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Gwinnett Medical Center

What Is Reflex Sympathetic Dystrophy?

Woman holding her arm.
While healing from a hand or foot injury, you may have unexpected pain.

Reflex sympathetic dystrophy (RSD) is also known as complex regional pain syndrome (CRPS). It is a painful nerve problem that occasionally occurs in the hand or foot that has been hurt. If untreated, the pain and weakness that RSD may cause can limit use of the injured region.

What Triggers RSD?

Getting injured may trigger RSD. It can be something minor, like a sprain or a cut. Or, it may be more severe, like a fracture. As you’re healing, you may feel new, severe pain in the injured region. That pain may spread through the injured limb. Over time, other symptoms may appear.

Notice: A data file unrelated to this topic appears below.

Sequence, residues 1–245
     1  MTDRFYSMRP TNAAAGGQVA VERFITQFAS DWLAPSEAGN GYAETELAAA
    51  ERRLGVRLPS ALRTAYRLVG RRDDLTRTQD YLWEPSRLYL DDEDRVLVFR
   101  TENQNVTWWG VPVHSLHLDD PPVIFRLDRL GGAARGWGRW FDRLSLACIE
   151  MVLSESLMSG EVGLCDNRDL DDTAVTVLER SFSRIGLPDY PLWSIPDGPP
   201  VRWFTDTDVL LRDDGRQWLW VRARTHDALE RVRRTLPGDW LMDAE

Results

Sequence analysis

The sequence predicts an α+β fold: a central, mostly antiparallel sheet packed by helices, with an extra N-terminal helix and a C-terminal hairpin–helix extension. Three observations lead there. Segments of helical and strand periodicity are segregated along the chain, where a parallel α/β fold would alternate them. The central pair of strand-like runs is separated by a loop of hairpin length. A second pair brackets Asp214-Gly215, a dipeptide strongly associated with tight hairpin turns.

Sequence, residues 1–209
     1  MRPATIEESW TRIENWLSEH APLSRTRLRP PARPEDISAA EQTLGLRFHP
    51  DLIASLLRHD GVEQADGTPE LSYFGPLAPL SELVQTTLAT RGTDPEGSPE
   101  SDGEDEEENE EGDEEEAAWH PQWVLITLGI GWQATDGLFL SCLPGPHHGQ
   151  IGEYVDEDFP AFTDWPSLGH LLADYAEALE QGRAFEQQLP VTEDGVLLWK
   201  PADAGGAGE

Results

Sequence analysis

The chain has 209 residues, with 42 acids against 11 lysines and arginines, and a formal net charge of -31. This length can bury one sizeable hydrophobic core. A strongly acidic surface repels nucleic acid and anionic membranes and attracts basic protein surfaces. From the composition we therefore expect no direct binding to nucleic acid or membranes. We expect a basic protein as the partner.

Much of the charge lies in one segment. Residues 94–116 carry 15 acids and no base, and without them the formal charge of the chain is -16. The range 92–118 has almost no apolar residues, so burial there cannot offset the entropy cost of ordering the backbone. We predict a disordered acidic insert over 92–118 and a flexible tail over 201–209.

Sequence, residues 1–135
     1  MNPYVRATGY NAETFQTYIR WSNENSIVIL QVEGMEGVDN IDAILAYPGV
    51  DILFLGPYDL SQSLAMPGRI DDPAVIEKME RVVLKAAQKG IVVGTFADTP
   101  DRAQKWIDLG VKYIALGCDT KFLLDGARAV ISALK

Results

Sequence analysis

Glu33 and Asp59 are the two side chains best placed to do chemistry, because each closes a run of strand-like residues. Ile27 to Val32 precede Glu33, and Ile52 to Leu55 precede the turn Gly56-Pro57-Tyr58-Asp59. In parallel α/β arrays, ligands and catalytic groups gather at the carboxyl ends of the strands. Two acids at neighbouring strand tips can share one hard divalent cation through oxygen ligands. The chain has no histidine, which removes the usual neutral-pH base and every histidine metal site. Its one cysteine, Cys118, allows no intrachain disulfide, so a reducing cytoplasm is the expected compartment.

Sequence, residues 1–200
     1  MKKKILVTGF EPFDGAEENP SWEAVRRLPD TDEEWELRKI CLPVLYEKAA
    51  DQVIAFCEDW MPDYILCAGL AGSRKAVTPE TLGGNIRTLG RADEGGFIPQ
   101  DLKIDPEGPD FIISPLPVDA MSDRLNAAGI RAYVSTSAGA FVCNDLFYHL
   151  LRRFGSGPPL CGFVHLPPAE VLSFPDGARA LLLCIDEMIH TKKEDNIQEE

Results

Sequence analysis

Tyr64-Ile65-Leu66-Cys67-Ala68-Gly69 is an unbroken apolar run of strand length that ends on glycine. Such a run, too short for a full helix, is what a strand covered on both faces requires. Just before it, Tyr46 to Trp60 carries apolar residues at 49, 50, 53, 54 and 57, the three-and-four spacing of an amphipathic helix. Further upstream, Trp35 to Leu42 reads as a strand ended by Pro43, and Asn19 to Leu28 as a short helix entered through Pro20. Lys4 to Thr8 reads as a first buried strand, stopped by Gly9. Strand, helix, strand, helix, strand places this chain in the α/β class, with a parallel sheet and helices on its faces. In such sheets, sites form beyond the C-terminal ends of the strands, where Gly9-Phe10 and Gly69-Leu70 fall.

Symptoms and Signs of RSD

Symptoms and signs of RSD can begin right away, or may not show up until about 2 weeks after you get hurt. If you aren’t treated soon, the symptoms can worsen or change over time. Below are symptoms and signs that can occur in the injured region:

Early-Stage RSD

Symptoms include:

  • Severe, burning pain

  • Sensitive to touch (pain from physical contact that normally would not be painful) 

  • Swollen, reddish look

  • Stiffening

  • Warm and sweaty sensation Woman talking with her health care provider.

Late-Stage RSD

Symptoms include:

  • Skin slowly withering (shriveling)

  • Skin that becomes dry and shiny

  • Loss of strength

  • Strange hair growth

  • Ridges in skin look flatter than normal

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